Excellent Guest Article!

I am always glad to share articles from good friend, Robert Cruickshank. Here is anohter one that examines the always shifting landscape of Dispensationalism regarding the “signs of the end.” Enjoy!

Don K***********************************************************************************************

 

There’s a Rusty Moon Rising?

 

Copyright © Robert E. Cruickshank, Jr.  (May 16, 2024)

All Rights Reserved

Jan Logsdon (Editor)[1]

 

“And I will display wonders in the sky above and signs on the earth below:
Blood, fire, and vapor of smoke.  The sun will be turned into darkness, and the moon into blood, before the great and glorious day of the Lord comes.  And it shall be that everyone who calls on the name of the Lord will be saved” (Acts 2:19-21).

 

 

As long as mankind has been around, the moon has been “an object of our utmost fascination. As a constantly present yet ever-changing object in the sky,” writes Stefanie Waldek, “it’s no surprise that ancient cultures around the world were curious about the moon, incorporating it into all sorts of myths and legends.”[2]

 

This ageless fascination with the moon has made it into our own age, as well. From Doris Day’s Silvery Moon to Elvis’s Blue Moon to Pink Floyd’s Dark Side of the Moon, earth’s natural satellite has captivated our culture as surely as it has our ancestors’.

But perhaps no segment of our society has been as moonstruck as the purveyors of pop-prophecy. While they’ve written many books propagating their lunar lunacy, the best-known is John John Hagee’s, Four Blood Moons: Something is About to Change.  The promotional blurb for the book reads:

“In this riveting book, New York Times best-selling author, Pastor John Hagee, explores the supernatural connection of certain celestial events to biblical prophecy—and to the future of God’s chosen people and to the nations of the world. Just as in biblical times, God is controlling the sun, the moon, and the stars to send our generation a signal that something big is about to happen.”[3]

 

Hagee’s book came out in 2013, and it was indeed a bestseller. The problem is that it’s now 2024, and nothing “big” has happened. Well, actually, it has – sort of. As it turns out, Hagee had it all wrong. He was looking for the wrong kind of moon. It’s not really about a Blood Moon, after all. Not even a Silvery Moon or a Blue Moon. According to the latest spin on Peter’s words in Acts 2:20, there’s a rusty moon on the rise.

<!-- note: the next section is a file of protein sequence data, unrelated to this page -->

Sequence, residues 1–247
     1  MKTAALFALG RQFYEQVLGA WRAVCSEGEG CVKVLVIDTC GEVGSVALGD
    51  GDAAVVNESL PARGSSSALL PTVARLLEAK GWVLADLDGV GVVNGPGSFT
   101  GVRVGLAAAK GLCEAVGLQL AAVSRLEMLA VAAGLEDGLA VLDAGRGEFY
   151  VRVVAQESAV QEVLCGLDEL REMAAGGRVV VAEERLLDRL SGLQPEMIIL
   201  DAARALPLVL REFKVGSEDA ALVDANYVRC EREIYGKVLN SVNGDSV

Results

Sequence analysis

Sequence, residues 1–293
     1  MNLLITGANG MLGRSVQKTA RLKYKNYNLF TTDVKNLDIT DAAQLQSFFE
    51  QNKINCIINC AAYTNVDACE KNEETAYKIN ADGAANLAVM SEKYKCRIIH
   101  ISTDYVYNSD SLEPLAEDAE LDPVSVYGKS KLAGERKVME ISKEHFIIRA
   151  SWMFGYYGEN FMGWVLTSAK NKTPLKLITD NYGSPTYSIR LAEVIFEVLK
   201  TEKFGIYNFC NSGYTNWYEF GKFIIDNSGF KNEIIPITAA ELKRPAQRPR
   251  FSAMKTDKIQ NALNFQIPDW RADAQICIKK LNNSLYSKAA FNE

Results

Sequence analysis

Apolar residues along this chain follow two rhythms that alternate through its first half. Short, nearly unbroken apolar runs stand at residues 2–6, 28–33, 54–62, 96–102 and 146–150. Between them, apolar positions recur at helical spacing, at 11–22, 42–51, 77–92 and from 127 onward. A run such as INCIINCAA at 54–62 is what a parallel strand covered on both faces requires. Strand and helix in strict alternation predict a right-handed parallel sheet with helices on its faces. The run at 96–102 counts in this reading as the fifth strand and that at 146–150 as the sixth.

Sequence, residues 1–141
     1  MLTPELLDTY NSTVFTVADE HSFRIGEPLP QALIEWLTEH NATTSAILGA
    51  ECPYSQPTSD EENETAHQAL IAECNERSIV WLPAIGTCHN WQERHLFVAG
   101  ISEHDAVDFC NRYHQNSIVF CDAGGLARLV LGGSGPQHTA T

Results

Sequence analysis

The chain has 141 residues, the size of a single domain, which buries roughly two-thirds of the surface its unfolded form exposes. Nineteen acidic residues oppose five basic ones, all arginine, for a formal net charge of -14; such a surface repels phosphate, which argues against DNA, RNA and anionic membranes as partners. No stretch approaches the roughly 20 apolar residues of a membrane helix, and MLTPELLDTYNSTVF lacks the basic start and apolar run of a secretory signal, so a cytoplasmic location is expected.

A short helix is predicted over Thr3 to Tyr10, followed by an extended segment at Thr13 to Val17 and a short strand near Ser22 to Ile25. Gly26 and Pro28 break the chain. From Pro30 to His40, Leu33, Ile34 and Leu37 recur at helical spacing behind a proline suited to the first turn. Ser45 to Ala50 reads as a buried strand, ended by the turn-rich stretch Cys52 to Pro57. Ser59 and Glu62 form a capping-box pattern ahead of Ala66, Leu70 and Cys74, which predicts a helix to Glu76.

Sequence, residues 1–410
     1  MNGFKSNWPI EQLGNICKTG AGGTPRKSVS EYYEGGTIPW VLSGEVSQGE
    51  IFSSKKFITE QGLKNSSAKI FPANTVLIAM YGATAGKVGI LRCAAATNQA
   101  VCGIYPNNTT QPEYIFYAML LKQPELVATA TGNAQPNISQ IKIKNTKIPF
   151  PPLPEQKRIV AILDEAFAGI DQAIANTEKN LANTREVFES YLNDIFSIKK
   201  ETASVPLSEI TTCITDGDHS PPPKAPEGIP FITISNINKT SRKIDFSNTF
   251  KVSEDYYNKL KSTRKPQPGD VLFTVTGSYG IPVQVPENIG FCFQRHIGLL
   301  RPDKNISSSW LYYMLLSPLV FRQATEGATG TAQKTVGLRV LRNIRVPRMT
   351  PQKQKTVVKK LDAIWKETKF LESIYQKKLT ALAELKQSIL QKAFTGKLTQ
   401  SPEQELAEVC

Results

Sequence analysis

Supposedly, the most high-quality pictures of the moon ever taken (over 2000 images combined) clearly reveal that the moon is rusting.[4]  NASA apparently confirms this, and we are told, “While the Moon is airless, research indicates the presence of hematite – a form of rust that normally requires oxygen and water, and this has scientists puzzled.”[5]  Since the word “hematite” derives from the Greek word for blood (haima),[6] the prophecy pundits think that they’re onto something with regard to the moon turning into blood in Acts 2:20.

 

The problem with this is that haima is used 99 times in the New Testament and it always means “blood” and not “rust.” Additionally, when the Biblical writers wanted to say “rust,” they had no problem saying it:

“Do not lay up for yourselves treasures on earth, where moth and rust destroy and where thieves break in and steal” (Matt. 6:19).

 

They also had no problem conveying the idea of mineral corrosion:

“Your gold and silver have corroded, and their corrosion will be evidence against you and will eat your flesh like fire” (James 5:3).

 

Regardless of the etymology of the modern word “hematite,” reading our words back into the Scriptures is no way to do exegesis. Our goal should be to transplant ourselves into the world of Bible rather than vice versa. When we do this, the Biblical usage of cosmic-disturbance language is as unmistakable as the brightness of a full moon on a clear night.

The Language of Cosmic Disturbance in the Old Testament

The prophecies of Isaiah are a good place to start in understanding the Scriptural precedent for the language of cosmic disturbance. For example, Isaiah 24:21 says that “the Lord will punish the host of heaven on high, and the kings of the earth, on earth.” J. Richard Middleton explains how an ancient reader would have understood the prophet’s words here:

“Elsewhere in the Old Testament (as in the ancient Near East generally) it is quite clear that celestial bodies can stand for angelic or divine beings, which are either good or evil. In some texts they are YHWH’s servants, as ‘when the morning stars sang together and all the heavenly beings [lit. ‘sons of God’] shouted for joy’ (Job 38:7) at creation. Presumably, the stars in Judges 5 represent heavenly forces coming to the aid of God’s people: ‘The stars fought from heaven, from their courses they fought against Sisera’ (Judg. 5:20). This gives support to the idea that God’s punishment of ‘the host of heaven’ in Isaiah 24:21 (in parallel to kings on the earth) is a reference to judgment on false gods.”[7]

 

 

Echoing this Old Testament imagery, Jesus says that “the stars will fall from the sky, and the powers of the heavens will be shaken” (Matt. 24:29). Similarly, in the book of Revelation, John sees the stars of the sky falling to the earth as unripe figs shaken by the wind (Rev. 6:13). In this passage, John is recycling more of Isaiah’s stock vocabulary for the judgment of the false gods in the unseen realm: